Monday, May 14, 2007

Day Off

Is this an “off day” or a “day off?”

From what the team has said, yesterday was an “off day” and today is a “day off.” Getting away from the ballpark will make everyone feel better. It should help get the hitters rolling and keep the bullpen fresh.

Tuesday will be the test, but fans on the downtown 2 train had no doubts this morning.

“They will get themselves turned around in Chicago,” said Barney from Hunts Point.

People who ride the trains early – before 7:00 a.m. – are believers and they never quit. They are tough and expect the same from their team.

“They can’t give up any more ground,” said Mahamadou from Highbridge. “They need to fight through every game and when it’s over they will be on top. I know how good this team is and now they need to show everyone else.”

“They’ve got a big run in them,” Barney chipped in. “It doesn’t matter who they’re playing because they are good enough to beat anyone.”

It starts after a day off.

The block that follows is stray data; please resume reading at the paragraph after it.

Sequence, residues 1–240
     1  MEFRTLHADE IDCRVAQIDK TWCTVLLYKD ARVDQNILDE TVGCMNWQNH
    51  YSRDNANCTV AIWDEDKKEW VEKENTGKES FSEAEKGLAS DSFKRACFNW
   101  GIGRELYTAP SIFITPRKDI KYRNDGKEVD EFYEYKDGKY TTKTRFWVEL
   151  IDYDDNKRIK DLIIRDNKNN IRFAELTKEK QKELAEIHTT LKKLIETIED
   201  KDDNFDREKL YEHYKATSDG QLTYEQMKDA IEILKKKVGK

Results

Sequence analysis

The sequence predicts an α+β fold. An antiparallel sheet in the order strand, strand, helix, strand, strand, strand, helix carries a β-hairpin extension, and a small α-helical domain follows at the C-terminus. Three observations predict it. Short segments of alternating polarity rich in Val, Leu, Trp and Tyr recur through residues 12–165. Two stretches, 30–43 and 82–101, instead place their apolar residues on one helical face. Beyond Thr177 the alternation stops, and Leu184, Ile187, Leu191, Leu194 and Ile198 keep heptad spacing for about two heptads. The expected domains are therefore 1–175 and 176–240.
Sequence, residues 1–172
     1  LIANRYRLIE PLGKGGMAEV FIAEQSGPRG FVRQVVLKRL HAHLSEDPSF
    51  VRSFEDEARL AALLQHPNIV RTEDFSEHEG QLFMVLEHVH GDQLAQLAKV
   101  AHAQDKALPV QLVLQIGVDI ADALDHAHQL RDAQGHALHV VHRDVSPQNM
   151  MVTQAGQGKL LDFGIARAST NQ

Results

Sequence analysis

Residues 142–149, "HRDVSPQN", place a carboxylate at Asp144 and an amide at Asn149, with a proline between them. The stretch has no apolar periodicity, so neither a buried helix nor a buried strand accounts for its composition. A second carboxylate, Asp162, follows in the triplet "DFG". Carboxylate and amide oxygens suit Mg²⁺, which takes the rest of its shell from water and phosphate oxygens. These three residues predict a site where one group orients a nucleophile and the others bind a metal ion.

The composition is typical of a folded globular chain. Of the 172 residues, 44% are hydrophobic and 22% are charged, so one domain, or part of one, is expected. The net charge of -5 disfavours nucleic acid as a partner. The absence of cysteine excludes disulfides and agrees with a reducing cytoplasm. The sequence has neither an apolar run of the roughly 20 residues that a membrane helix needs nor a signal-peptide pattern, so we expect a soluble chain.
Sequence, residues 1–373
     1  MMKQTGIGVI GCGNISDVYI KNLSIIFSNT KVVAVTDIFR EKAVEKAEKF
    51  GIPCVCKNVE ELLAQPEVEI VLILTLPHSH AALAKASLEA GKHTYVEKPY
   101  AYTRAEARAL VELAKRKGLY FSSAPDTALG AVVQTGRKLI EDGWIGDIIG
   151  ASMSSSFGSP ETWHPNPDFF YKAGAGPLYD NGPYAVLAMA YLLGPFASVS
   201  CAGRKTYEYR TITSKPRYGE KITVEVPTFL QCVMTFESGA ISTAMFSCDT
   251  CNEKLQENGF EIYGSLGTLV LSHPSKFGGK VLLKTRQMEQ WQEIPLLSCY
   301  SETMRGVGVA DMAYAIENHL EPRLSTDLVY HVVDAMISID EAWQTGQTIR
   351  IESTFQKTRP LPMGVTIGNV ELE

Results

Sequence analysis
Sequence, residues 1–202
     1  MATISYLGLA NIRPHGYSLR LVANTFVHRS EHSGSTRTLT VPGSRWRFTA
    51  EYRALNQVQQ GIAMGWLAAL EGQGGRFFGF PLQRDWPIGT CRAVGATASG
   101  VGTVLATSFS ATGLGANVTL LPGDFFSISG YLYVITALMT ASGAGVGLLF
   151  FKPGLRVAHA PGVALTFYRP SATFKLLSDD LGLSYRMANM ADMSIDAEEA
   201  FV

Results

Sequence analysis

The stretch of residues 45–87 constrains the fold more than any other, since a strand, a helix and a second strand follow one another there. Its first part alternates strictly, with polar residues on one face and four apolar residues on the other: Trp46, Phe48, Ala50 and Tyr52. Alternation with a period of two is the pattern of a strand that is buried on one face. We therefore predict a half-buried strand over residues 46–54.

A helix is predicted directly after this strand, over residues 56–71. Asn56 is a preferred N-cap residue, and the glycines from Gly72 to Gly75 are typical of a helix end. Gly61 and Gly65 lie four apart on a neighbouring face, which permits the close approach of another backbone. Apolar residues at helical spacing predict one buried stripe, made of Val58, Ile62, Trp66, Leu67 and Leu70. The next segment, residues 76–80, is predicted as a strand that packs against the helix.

Jessica Lee said...

Dear Todd,
I like how you use "off day" and "Day off" for this article.This is so great.You got talent on writing.This is for sure.I don't think I can do that even in Chinese.

Todd Drew said...

I admire your mastery of languages. I want to perfect my Spanish, but haven’t done it yet. Chinese is probably way beyond my abilities, but I hope to give it a try someday.

Jessica Lee said...

Dear Todd,
Actually,I tried to learn Spanish when I was studying in California with my homestay.But,Spanish has totally different pronunciation as Chinese.Spanish has a lot of retroflexion which Chinese doesn't have that much.That's why it's so difficult for Chinese.Before I left,I only remember few easy vocabularies of Spanish.

If you want to try Chinese,please let me know anything I can help you.I would like to.